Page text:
jfkplusfifty

Just another WordPress.com site

Archive for the month “April, 2015”

FDR DIES AT WARM SPRINGS

DEATH COMES TO FDR AT THE LITTLE WHITE HOUSE


Warm Springs, Georgia (JFK+50) President Franklin D. Roosevelt died shortly after 1 p.m. 70 years ago today, April 12, 1945, of a cerebral hemorrhage at the Little White House* here in Warm Springs.


The President, while sitting in the living room having his portrait made, suddenly grabbed his head and said…


 “I have a terrific headache”.  


Grace Tully**, FDR’s private secretary was alerted that the President was sick and to call a doctor.  She later wrote…


“I could feel a chill in my heart, a sense that this was something different…I decided to go at once to the President’s cottage.”


When she arrived, two doctors were attending the President in his bedroom. They soon came out with the sad news.

Later, as a procession took FDR’s body from the home, Graham Jackson*** played Going Home and one of FDR’s favorite hymns, Nearer My God To Thee, on his accordion.

*Little White House opened as a museum in 1948.  The portrait that artist Elizabeth Shoumatoff was painting at the time of FDR’s collapse, now titled “The Unfinished Portrait,” is on display here. 

**Grace Tully (1900-1984) was born in Bayonne, NJ.  She was educated at the Grace Institute of NY and served on the staff of NY Governor Franklin D. Roosevelt.  In 1941, she replaced Missy LeHand as FDR’s personal secretary.

***Graham W. Jackson, Sr. (1903-1983), a celebrated musician and choral conductor, was born in Portsmouth, VA and served in the US Navy 1942-1945.  GWJ was featured at Atlanta’s Royal Theatre and Bailey’s “81.”

NATIONAL SECURITY MEMORANDUM 328

WHITE HOUSE NSM 328 PUT U.S. FORCES ON THE OFFENSIVE IN VIETNAM 50 YEARS AGO TODAY

Washington, D.C. (JFK+50) Fifty years ago today, April 6, 1965,  National Security adviser McGeorge Bundy issued, on behalf of President Lyndon B. Johnson, National Security Memorandum 328.


The memo, drafted and signed by Bundy, is titled “Presidential Decisions in Regard to Vietnam,” and was, at the time, labeled TOP SECRET.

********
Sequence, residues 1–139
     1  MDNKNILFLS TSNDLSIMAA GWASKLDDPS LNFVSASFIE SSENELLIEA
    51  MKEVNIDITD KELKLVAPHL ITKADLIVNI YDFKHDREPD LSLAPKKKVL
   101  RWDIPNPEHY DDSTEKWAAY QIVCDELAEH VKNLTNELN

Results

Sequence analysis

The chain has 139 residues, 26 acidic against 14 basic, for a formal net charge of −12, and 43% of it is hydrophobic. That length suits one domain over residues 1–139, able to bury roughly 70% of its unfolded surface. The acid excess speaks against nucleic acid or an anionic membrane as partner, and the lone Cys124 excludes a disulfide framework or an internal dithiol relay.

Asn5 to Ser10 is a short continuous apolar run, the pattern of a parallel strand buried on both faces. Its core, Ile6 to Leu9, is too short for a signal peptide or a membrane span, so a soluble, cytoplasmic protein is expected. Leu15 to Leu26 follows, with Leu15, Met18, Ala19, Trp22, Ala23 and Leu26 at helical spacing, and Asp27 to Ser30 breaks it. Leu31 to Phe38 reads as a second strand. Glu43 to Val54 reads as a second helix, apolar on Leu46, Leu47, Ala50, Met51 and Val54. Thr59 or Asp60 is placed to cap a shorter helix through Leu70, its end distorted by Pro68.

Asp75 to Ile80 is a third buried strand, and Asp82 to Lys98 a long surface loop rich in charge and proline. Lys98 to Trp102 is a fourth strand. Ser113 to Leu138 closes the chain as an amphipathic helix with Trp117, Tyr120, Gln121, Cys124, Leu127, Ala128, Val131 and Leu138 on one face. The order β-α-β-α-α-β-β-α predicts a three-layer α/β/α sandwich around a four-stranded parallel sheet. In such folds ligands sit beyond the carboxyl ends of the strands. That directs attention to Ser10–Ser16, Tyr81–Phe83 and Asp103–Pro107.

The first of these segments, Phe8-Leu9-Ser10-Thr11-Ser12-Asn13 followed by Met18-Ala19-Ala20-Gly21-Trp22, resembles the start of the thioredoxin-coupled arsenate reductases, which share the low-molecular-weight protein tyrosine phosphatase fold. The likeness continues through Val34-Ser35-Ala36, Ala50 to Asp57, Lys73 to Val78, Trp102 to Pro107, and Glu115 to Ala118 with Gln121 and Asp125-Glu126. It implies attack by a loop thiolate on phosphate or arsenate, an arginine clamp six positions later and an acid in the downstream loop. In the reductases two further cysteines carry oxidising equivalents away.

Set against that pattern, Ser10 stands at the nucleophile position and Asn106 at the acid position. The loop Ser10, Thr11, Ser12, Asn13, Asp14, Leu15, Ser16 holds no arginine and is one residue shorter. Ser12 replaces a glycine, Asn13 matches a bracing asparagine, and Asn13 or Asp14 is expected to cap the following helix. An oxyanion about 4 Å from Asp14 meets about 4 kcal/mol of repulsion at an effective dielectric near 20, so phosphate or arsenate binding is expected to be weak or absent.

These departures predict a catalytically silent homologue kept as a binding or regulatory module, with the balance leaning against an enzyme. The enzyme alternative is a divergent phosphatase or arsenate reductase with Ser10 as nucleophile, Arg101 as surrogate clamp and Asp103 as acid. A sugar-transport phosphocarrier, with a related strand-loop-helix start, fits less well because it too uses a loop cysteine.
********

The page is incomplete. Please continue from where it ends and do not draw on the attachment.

Mr. Bundy began by saying that President Johnson had “made the following decisions” on April 1, 1965.


They included a 41 point program of “non-military actions submitted by Ambassador Taylor,” an “urgent exploration of…suggestions for covert…actions submitted by the Director of the Central Intelligence Agency, and a repeat of earlier approval of a 21 point program of military actions,” including an 18,000-20,000 increase in support forces as well as the continuation of Operation Rolling Thunder.


The memo represented a shift in policy in that previously all American military operations in South Vietnam had been defensive in nature.


It is well known that while John F. Kennedy substantially increased America’s commitment to South Vietnam, he did not send U.S. combat troops in the traditional sense. Lyndon B. Johnson did.


Gordon M. Goldstein quotes McGeorge Bundy’s take on the difference in attitude toward Vietnam by the two presidents for which he worked…


“There was a dramatic difference between Kennedy and Johnson on the question of Vietnam.  Kennedy didn’t want to be dumb.  Johnson didn’t want to be a coward.”


McGeorge Bundy served in both the Kennedy and Johnson administrations as National Security Adviser (1961-1966).


SOURCE


“Lessons in Disaster:  McGeorge Bundy and the Path to War in Vietnam,” by Gordon M. Goldstein, Time Books, 2013.


Post Navigation